Saturday, September 23, 2006

Woken Furies - by Richard Morgan

Woken Furies is Richard Morgan's third novel featuring anti-hero Takeshi Kovacs. In essence it's a sequel to Altered Carbon and Broken Angels but it also casts some light on Kovacs' earlier life, before he became an Envoy.

To give you a bit of the background, Takeshi Kovacs is an ex-Envoy, a retired super-commando and now pretty much a mercenary/hard-ass for hire. He's a ruthless, no-nonsense killing machine with very few morals and not much in the way of a concience but there's a spark of goodness in him, just a spark. Of course, we're in the far distant future. Mankind has spread out to the stars and discovered that many worlds, including Mars, had been occupied by a long extinct race of flying aliens who've left a legacy of mysterious technology and some amazing architecture. Everyone gets fitted with a cortical stack at birth and this is able to store or backup their personality, which can then be transferred to synthetic or clone bodies or transmitted over vast distances to other worlds. To all intents and purposes, immortality is possible . . . if you have enough money. Here's a brief rundown of the plot…

Takeshi Kovacs is back home on Harlan's World, an ocean rich planet where boating, surfing and diving are a part of everyday life. It's just as well as not much takes to the air on Harlan's World and survives very long. The planet is surrounded by a network of orbital platforms, leftover by the Martians, that are programmed to destroy anything of a sufficiently advanced technology flying above a certain altitude. It makes it difficult to get around by anything other than sea travel and it makes physical, off-world travel impossible.

Kovacs is on the run from a group of religious fanatics and also from the planet's high ranking Yakuza criminal elements. He killed a lot of them while saving a woman in a bar and now there's a hefty contract on his head. The woman, Sylvie Oshima, offers him refuge among her troop of mercenaries as they operate out in the unoccupied zone, decommisioning sentient military hardware and no-one goes out there unless they have to.

But Kovacs isn't in for an easy time. The Yakuza have hired the one person he'd never have guessed they'd use to go after him - a younger, fitter version of himself. But they're not really after him at all, the ruling families of Harlan's World have a much older score to settle and he'd just be the icing on the cake.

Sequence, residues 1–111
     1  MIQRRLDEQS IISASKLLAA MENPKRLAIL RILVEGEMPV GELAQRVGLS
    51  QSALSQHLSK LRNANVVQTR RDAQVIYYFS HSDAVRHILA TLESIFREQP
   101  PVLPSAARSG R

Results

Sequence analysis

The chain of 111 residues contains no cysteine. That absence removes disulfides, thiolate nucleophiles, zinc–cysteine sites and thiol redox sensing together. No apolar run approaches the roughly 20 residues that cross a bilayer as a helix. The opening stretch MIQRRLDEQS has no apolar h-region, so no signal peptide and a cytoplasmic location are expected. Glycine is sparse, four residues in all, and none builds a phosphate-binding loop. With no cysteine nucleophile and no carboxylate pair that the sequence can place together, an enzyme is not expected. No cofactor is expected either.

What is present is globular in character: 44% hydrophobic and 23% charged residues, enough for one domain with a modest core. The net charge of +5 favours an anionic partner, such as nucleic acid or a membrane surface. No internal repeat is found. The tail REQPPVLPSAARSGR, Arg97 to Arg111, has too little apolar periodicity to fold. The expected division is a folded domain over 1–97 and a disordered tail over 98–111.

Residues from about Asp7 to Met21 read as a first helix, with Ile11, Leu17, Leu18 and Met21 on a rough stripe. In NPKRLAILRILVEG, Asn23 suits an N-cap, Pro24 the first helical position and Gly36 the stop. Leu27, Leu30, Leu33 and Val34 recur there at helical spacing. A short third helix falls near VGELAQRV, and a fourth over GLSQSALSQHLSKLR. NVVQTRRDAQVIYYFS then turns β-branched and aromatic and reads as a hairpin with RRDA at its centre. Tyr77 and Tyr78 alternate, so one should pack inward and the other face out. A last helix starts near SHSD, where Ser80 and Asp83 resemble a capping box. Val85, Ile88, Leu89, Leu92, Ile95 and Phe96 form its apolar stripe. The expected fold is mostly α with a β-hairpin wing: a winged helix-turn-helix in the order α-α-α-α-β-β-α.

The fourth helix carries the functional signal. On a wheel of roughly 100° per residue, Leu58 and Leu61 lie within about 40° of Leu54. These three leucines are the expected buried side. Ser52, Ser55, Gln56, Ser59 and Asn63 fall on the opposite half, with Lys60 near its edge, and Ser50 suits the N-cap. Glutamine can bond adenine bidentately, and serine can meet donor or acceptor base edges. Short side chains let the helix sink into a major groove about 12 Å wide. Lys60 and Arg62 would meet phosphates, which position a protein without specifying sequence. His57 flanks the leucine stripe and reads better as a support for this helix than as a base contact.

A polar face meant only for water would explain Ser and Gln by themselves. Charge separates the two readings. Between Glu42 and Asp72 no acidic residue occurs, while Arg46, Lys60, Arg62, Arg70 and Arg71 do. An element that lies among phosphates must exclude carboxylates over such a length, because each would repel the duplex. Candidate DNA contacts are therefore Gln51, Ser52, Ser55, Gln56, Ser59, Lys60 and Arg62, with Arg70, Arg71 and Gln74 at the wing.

Another good Takeshi Kovacs story that doesn't let up in the action stakes and with more than one twist in the tail to keep you wondering where it'll go next. If you like fast-paced action stories with a good mix of graphic violence and descriptive sex, then you won't be unhappy with this one. The science-fiction elements are very well thought out - the Envoy conditioning, the cortical stack/sleeve culture and the "Martian" artefacts make it so much better than the average spy/combat novel.

While it follows on chronologically from Broken Angels, Woken Furies could be read on it's own and, while there are quite a few references to Kovacs' earlier adventures, the story doesn't rely on them. I'd definitely recommend reading both earler novels though as they're both pretty good reads. Avoid his other novel, Market Forces, like the plague though.

Genre: Science-Fiction, War
ISBN: 0-575-07652-6
My Rating: 8/10

Friday, September 22, 2006

Sunset Over Loch Bracadale

Got another photograph into the Flickr Scotland Photoblog

Sunset Over Loch Bracadale
Sunset Over Loch Bracadale

It was taken on Skye from our holiday cottage in Fiskavaig, after a day out walking in The Cuillin, relaxing with a beer and watching the sun going down over Loch Bracadale and MacLeod's Tables.

To think I almost deleted it, as I didn't think it very good, but Lorna made me keep it 'cause she liked it.

Sunday, September 17, 2006

Muirshiel Country Park

Another rainy Sunday and with the Australian Moto GP finished on TV, we had to get out for some fresh air, rain or no. Anyway, for a change we headed southwest towards Lochwinnoch and Muirshiel Country Park, which is part of the larger Clyde Muirshiel Regional Park that ranges from Greenock in the north down the Clyde coast and inland to Lochwinnoch.

It's less than 20 miles from our door so it's ideal for a few hours away from the city. Getting to Lochwinnoch is easy - straight west along the M8 and take A737 just past the airport and the turn off is well signed. From Lochwinnoch it's a bit more difficult - the signage isn't great and once you find the right road, it's three miles along a single-track road that doesn't have a lot of passing places.

There's plenty of parking and we parked right in the visitor centre as it was pretty empty what with the rain but I imagine it's much busier on a good day. Apparently the main visitor centre is built on the site of a Victorian shooting lodge, once the home and estate of one of Glasgow's nouveau riche in the mid-nineteenth century. But now entry is free to the public so we picked up some guide maps from the centre and headed for the first walk.

Muirshiel Waterfall

This is only a short walk along a dead-end path from the centre but it's a wee bit of a letdown. It's quite a nice stroll along the riverside path and it looks like it'd be a nice looking waterfall but you simply can't see it from the path. The only viewpoint you get is from the top of the falls and, while the view down the River Calder and the surrounding countryside is nice, you just can't see the falls. You'd have to cross the river and walk round the to lower side to get the kind of view we were hoping for but you're actively discouraged from doing that. Fair enough, there's no bridge or ford and you could fall in but the addition of a little footbridge and fenced walkway would certainly make it a better attraction.

Windy Hill

This looked the best walk of the lot - a kilometre long stroll through a conifer plantation and out onto the hillside to Windy Hill, an old volcanic plug with some good views over the surrounding landscape.